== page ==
‘Content’ is a very vague, open-ended, and nebulous word, so we have broken down our content strategy even further to best utilize everything that content marketing has to offer. Optimized content is going to appeal to the algorithms as much as it does the people in your target audience. Man and machine must be in agreement that your brand is something worth considering.
When we say algorithms we are of course talking about SEO. There is much more to SEO than just keywords though, and that common misconception is part of why many do not see the utility in it. After all, the entire point of SEO is for people to find you, right? There’s more than one way to be found, which is why we don’t limit ourselves within the scope of SERP (Search Engine Results Page) placement alone.
Think about everything that comes up when you do a Google search. At the very top are the clearly marked paid ads, something which some internet users are vary of. The mentality here is that anyone can pay for ad placement, so it says more about your budget than quality of content. These ads can scare people off, so relying on paid ads alone isn’t enough. But what’s beneath that?
People also ask
A whole host of questions come up and clicking on one not only shows you a snippet from a website with information pertinent to that question, but more questions are generated too. Type in ‘What is SEO’ and one of the questions generated is ‘What is SEO and how it works?’.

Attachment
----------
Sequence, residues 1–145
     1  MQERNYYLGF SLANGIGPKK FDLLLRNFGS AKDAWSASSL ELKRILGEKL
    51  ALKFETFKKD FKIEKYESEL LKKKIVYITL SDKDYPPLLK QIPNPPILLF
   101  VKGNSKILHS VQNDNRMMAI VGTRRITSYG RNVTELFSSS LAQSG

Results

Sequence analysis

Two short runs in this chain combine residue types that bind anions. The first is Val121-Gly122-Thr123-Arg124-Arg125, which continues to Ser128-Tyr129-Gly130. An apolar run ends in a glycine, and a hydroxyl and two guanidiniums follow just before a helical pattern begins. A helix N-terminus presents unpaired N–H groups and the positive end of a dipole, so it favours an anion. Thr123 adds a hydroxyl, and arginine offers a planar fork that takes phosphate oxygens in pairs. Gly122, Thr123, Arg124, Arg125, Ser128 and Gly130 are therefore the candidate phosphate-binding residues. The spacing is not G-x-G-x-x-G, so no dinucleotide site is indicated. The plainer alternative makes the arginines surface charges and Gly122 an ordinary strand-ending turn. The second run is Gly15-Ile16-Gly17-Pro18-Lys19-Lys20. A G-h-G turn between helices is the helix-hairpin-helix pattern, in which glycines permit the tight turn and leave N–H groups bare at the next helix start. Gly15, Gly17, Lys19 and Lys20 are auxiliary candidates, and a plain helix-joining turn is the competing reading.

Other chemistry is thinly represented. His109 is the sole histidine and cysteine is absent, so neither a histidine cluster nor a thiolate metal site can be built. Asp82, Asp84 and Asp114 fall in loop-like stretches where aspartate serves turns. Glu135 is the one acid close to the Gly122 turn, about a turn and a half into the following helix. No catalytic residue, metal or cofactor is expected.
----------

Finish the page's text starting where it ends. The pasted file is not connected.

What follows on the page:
Click on it, and ‘How can I learn SEO?’ appears in the new results.
Keep clicking and you will see questions about SEO tools, the importance of SEO, and how to find the right agency to help you optimize your site using SEO. With each click more and more questions are added, meaning more and more links are provided. A site that isn’t even on the first Search Engine Results Page (SERP) could appear here.
Look to the far right and there is a snippet from Wikipedia’s page on SEO. Beneath it are suggestions for related, more specific subjects with dropdown menus that bring up other websites with similar snippets of information.
All of this is on the first Search Engine Results Page (SERP). This is why we do not focus on placements alone, they’re not the be-all and end-all by any means. Paid ads, organic ads, snippets, and directory listings can play a role in the SEO strategy we develop for our prospects based on what makes the most sense for scaling the growth of their company.